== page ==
Blueberry growers call for patience
THE head of the Australian Blueberry Growers' Association has asked the community to consider the region's 'hundreds' of farming families in the face of recent backlash, saying it was 'complete nonsense' blueberry farmers would knowingly dump chemicals into rivers.
"There are several issues we are endeavouring to address but it's going to take some time to get the practices right," Alex Smith said.
"There's going to be a lot of education coming up so growers can understand what is best farming practice. Right now we can't really expect them to be doing it, simply because they don't know how.
"Frankly, I don't think any of it is deliberate. It's nonsense to think a farmer would deliberately endanger their own livelihood."
Earlier this month, results from a Southern Cross University study found highly elevated levels of nutrients flowing into Hearnes Lake from nearby blueberry farms.
"The biggest priority for us at the moment in this part of the world is water - bioreactors are one way of handling that. We're hoping to see the expected result of a significant reduction in nitrate runoff."
Mr Smith admitted that while a majority of farmers are willing to follow best practice, there were some who weren't. He called for greater legal actions against these farmers.
"Let's be clear - there are some idiots out there who don't care. I would call on Federal, State and councils to enforce regulations on these people and fine them. Start introducing make good clauses.
"We're not here to defend people who blatantly break the rules, but 90% of growers are looking for best practice and that's what this is all about.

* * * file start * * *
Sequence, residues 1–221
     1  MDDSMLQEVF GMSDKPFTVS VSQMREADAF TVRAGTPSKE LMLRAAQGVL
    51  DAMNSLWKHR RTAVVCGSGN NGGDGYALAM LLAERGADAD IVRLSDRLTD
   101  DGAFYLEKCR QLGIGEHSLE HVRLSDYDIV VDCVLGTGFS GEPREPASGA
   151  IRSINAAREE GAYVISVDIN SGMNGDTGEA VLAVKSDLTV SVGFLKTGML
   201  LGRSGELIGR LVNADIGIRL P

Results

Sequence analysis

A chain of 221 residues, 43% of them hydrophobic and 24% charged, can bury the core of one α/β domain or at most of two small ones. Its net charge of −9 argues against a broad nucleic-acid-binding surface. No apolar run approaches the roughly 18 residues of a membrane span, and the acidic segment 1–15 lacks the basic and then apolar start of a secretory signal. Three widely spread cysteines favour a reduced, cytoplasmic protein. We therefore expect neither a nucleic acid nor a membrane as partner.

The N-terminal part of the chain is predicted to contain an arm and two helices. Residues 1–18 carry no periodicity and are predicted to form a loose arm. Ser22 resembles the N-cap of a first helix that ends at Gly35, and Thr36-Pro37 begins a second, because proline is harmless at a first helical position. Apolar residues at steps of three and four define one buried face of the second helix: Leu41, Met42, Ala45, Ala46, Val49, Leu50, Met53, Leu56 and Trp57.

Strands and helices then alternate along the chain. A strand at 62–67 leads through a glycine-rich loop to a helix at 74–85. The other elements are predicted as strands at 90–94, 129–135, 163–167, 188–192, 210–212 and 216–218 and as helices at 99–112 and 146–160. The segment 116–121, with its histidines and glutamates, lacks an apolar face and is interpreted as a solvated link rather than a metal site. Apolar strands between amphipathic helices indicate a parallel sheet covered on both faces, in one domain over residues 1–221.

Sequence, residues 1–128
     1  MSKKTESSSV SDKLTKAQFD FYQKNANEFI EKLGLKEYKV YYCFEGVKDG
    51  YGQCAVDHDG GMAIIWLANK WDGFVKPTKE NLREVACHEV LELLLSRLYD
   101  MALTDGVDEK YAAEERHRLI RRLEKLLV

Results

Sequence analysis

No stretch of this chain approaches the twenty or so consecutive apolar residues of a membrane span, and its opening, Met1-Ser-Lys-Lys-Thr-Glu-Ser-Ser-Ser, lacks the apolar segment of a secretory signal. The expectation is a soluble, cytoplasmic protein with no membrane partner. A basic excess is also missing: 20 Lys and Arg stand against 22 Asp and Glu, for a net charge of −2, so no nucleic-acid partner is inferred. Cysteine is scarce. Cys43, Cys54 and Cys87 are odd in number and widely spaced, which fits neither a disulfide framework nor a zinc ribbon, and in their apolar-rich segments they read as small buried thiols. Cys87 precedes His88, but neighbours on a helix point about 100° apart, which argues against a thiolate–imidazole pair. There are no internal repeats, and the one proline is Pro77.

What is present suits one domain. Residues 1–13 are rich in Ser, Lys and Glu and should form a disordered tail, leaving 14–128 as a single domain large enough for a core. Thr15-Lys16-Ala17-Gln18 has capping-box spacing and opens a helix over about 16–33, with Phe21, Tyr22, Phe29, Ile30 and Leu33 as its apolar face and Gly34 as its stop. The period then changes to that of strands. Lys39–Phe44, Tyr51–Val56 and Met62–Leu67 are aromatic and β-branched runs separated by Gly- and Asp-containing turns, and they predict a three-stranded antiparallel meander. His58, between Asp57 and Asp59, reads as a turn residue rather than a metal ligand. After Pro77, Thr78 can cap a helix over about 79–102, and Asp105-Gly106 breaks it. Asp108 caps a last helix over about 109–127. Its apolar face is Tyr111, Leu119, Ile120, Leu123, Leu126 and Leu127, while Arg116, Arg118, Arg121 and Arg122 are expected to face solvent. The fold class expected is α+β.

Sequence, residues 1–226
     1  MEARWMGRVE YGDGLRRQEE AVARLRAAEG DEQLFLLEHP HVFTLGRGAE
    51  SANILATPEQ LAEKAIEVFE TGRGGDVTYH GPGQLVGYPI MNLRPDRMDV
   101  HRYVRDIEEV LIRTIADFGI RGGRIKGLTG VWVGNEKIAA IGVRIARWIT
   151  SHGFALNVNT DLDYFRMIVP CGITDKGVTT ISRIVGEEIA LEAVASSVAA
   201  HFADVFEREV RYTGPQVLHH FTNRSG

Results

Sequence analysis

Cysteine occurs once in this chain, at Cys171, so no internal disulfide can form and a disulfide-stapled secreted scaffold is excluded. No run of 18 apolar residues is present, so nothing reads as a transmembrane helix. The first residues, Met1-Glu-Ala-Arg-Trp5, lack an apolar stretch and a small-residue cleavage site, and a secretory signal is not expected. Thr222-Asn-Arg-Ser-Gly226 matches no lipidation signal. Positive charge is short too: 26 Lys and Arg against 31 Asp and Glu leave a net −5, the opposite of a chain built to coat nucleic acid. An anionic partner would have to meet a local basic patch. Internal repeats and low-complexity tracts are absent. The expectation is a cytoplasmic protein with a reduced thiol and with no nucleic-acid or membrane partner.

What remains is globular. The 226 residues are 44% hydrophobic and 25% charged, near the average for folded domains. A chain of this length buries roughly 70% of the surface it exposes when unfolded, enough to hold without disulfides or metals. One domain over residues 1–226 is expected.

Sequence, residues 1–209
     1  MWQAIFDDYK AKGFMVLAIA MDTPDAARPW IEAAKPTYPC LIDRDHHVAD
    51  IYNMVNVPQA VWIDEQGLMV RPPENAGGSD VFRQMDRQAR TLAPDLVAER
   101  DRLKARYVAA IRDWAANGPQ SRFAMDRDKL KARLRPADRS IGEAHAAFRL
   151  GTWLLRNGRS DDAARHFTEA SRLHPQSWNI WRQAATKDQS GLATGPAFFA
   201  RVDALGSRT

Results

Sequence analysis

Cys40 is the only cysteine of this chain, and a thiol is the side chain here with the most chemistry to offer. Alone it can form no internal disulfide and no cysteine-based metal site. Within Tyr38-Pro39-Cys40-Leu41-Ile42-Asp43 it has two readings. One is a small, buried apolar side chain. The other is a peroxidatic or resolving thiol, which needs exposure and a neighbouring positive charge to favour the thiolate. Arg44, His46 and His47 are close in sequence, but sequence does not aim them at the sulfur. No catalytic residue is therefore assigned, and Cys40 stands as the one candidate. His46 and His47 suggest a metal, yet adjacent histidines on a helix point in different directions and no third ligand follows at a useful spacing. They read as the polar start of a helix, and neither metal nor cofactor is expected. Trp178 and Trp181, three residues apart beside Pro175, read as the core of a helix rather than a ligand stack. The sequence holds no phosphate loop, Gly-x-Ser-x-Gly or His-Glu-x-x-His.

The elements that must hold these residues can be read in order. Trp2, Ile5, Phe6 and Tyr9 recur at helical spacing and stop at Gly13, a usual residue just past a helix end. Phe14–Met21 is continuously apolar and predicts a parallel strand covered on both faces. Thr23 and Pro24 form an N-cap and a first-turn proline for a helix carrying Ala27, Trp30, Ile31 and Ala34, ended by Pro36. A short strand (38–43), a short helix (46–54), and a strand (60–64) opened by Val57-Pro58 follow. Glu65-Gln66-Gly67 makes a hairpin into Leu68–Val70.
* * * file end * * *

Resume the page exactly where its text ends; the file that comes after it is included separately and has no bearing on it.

"These are not people who came in last week, these are people who have been here for three of four generations. Right here in Woolgoolga is the centre of the blueberry growing world. This is 30 years of work and $270m of farm gate value comes through here every year.
"I want to ask the community to take a step back and realise who we're talking about. We're not talking about big corporation, we're talking about 300 or so families who grow berries.
"Now all of a sudden people are throwing rocks at them."
Mr Smith made the comments during a visit to a Sandy Beach blueberry farm on Thursday, where he congratulated Local Land Services and the NSW Government on a new bioreactor trial.
There are hopes the wood chip bioreactor, which is used in North America and Queensland, would see a significant reduction in nitrate runoff from blueberry farms.
The trial, conducted by North Coast Local Land Services and funded by the Federal Governemnt's National Landcare Program, is just one of a series of initiatives ABGA is interested in to reduce nutrient runoff into local waterways.